Color accuracy is critical for the work I do. Although I have a lot of flexibility and control in my editing software, it all has to begin with what's happening with the camera. If I nail the color when I make the image, I make considerably less work for myself. Get it wrong, and I have to spend way too much time trying to make it look right. Color accuracy begins with white balance.
Auto White Balance (WB) is the default setting for all digital cameras. And though the word auto holds a lot of promise, the camera's Auto WB isn't the universal balm people would like to think it is. Though Auto WB does occasionally produce decent results, it isn't the best if you want the highest color accuracy.
Why? Because Auto WB can be fooled. It works by evaluating the colors in a scene and tries to recognize what the light source is. If you're shooting people wearing a variety of colors on a sunny day, it'll likely produce an accurate white balance. But if the scene includes subjects or objects that have a strong blue or red color to them, this may lead the camera to believe that the light source is something other than what it is. It may not completely veer to a fluorescent or tungsten, but it may attempt to achieve some sort of "compromise" of color. Often, the result isn't the best color that your camera could produce.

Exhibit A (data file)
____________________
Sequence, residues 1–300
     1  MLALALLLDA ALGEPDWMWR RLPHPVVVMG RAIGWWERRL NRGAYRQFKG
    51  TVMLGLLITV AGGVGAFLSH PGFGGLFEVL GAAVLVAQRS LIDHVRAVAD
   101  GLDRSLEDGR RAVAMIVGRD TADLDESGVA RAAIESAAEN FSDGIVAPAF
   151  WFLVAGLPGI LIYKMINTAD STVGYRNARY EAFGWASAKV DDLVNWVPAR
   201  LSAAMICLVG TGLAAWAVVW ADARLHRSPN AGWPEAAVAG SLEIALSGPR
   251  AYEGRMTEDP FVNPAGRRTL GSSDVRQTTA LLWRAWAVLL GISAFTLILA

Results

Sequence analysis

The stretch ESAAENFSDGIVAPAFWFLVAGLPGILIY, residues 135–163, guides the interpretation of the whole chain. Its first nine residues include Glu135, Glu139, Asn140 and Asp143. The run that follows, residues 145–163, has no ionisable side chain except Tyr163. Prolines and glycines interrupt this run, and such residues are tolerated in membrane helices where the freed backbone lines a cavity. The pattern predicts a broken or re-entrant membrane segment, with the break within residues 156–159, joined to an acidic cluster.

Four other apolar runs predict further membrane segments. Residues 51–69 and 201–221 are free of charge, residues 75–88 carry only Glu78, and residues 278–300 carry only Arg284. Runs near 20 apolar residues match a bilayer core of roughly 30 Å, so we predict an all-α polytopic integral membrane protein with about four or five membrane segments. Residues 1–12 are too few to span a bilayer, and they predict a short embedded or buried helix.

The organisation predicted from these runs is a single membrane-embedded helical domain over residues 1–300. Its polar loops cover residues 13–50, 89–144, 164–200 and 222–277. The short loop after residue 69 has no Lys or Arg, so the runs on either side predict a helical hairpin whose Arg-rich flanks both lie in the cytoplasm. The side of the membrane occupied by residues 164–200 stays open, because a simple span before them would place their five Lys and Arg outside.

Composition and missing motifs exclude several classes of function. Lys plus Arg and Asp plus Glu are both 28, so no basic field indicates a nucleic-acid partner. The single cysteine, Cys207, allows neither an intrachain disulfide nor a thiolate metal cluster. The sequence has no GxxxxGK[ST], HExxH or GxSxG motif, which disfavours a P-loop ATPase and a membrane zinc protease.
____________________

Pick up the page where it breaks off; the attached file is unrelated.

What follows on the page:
Though under direct sunlight the Auto WB may offer good general results, in the shade or on cloudy days, I often see images with a slight bluish tint. This tint becomes glaringly obvious when you shoot comparison shots of the scene using the Auto WB and the appropriate preset. Though you may be able to correct the white balance later in Photoshop, it takes only seconds to get it right in camera. How long does it take you to restore accurate color on your computer?
Auto WB isn't all bad, of course. It may be beneficial when you're shooting under mixed lighting (for example, tungsten and fluorescent). Instead of switching back and forth between settings, you may want to just hedge your bets with Auto WB and correct for the slight variations later. This doesn't happen often, but it's something to be prepared for.
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